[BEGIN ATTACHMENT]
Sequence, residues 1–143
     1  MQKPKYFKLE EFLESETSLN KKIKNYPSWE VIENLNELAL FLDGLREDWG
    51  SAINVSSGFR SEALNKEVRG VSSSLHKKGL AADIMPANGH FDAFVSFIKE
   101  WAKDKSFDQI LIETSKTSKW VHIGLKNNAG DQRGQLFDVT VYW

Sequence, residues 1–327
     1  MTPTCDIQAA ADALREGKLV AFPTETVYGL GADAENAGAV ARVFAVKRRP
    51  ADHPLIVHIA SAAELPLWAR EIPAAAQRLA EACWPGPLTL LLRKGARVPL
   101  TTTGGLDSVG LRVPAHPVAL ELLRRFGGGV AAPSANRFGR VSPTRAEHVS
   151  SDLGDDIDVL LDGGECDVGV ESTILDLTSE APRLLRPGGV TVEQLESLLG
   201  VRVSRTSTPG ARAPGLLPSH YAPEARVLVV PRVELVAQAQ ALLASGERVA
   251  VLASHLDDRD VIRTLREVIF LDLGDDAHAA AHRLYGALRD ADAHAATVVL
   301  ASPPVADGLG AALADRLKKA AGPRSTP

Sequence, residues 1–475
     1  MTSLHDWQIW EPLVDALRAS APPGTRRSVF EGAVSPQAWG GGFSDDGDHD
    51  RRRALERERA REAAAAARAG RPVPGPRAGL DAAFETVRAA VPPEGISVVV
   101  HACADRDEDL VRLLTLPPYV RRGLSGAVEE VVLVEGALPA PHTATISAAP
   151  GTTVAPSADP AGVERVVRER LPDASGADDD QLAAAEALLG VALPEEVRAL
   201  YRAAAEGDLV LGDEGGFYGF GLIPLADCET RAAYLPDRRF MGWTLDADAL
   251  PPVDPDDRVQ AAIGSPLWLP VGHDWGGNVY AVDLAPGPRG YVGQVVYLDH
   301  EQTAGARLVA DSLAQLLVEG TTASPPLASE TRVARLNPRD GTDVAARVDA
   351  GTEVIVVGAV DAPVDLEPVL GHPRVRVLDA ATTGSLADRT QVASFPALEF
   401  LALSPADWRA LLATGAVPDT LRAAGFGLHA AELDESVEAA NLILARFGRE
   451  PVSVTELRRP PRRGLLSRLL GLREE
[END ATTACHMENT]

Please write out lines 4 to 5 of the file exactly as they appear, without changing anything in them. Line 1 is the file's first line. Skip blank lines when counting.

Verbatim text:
   101  WAKDKSFDQI LIETSKTSKW VHIGLKNNAG DQRGQLFDVT VYW

Sequence, residues 1–327